A museum will give you the big picture. But if you want to go deeper, these highly-curated spots will help you see a more up-close history of our state.
For the extreme history buffs, North Carolina’s Museum of History is the perfect place to dive into 14,000 years of history, including exhibits on pre-colonial life, the Civil Rights Movement, and the North Carolina Sports Hall of Fame.
On the other hand, if you’re looking to get specific about the unique history of our state, there are dozens of highly-curated spots to learn about the history of North Carolina.
Here’s our list of 10 places to get you started.
International Civil Rights Center & Museum, Greensboro
Located at the site of the Greensboro sit-in, where four Black students from A&T challenged segregation in a non-violent protest, The International Civil Rights Center continues their legacy by exploring the fight for social justice in our state and nation. Visitors can see the lunch counter where the sit-in took place, and 13 galleries of video re-enactments, photography, and historical artifacts.
N.C. Transportation Museum, Spencer
Once the Southern Railways’ largest locomotive repair facility, the NC Transportation Museum is now home to 60 acres of trains, cars, tractors, and a replica of the Wright Flyer. The museum is dedicated to the history of transportation in our state, and as such train enthusiasts will enjoy the extensive information on our railroad history.
Museum of the Cherokee Indian, Cherokee
The Museum of the Cherokee Indian is a cultural and historical exploration 12,000 years in the making. There are interactive videos, and exhibits that tell the true story of the Cherokee people’s ingenuity and resilience. If you’re going with a group you can even participate in teacher workshops and language classes.
The Scottish Tartans’ Museum and Heritage Center, Franklin
North Carolina has the largest population of people with Celtic ancestry in the world. That’s why in 1988 the Scottish Tartans Museum was established to be a reliable source of information on Scottish Highlands traditions in the United States. The exhibits go into the origins of tartans (the famous striped patterns seen on kilts), their immigration experience, and their history with the Cherokee people.
Washington Waterford Underground Railroad Museum
Leesa Jones opened the Washington Waterfront Underground Railroad Museum in 2016 to teach people about the heroes that operated the Underground Railroad. She and her husband operate the museum out of a train car with a collection of artifacts that demonstrate the methods abolitionists used to guide people to freedom.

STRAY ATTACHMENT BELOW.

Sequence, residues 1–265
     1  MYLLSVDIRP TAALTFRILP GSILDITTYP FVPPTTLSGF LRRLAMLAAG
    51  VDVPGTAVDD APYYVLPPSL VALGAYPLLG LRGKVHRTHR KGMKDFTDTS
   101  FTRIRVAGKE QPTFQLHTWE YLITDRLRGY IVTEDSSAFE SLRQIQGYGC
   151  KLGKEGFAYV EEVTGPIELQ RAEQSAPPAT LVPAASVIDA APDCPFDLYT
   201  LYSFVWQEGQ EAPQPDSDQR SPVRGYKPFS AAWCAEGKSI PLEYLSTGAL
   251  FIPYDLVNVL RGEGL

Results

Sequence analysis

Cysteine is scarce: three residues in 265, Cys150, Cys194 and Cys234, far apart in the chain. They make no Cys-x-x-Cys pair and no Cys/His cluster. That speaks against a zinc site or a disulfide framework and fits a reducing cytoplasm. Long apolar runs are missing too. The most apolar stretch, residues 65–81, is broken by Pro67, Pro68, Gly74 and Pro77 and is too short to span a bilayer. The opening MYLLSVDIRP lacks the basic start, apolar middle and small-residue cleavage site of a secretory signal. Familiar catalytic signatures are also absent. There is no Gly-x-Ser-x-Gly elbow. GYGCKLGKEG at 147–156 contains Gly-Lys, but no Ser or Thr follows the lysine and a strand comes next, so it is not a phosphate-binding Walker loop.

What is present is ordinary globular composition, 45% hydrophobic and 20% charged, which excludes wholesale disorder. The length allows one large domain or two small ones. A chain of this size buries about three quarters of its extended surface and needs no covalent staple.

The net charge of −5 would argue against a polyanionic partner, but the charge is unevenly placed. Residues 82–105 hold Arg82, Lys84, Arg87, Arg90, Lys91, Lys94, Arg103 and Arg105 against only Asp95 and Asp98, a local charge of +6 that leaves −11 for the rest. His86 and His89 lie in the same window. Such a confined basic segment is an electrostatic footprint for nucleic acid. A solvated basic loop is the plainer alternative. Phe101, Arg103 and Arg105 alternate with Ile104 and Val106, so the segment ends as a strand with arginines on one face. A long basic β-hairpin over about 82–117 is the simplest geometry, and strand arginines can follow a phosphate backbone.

New Bern Firemen’s Museum
New Bern’s fire department was the first one chartered in North Carolina. Now the museum preserves their firefighting history (which started as a rivalry between Union and Confederate fire companies) with fun hands-on exhibits.
NC Museum of Natural Sciences, Raleigh
The North Carolina Museum of Natural Sciences might not be your instinctive choice when picking a location to learn about history, but this is where you can learn all about North Carolina’s ancient past and prehistoric animals that ruled the region.
North Carolina Music Hall of Fame, Kannapolis
The North Carolina Music Hall of Fame is filled with interactive exhibits that honor and preserve the legacy of North Carolina’s greatest musicians. Admission is free to learn about the history and rich traditions of our state’s contributions to music.
Mountain Gateway Museum, Old Fort
Take a quick trip outside of Asheville to visit the Mountain Gateway Museum, which celebrates the traditions of the North Carolina mountains. There are permanent exhibits that explore mountain life, medicines, moonshine, and much more.
Old Salem Museums and Gardens, Winston-Salem
Old Salem is one of the country’s most comprehensive historical sites. There are multiple museums, galleries, and gardens that have collections of art, furniture, metal and needlework from the early South. Part of their mission is to preserve the stories of the Moravians, free and enslaved Black people, and the Indigenous peoples.
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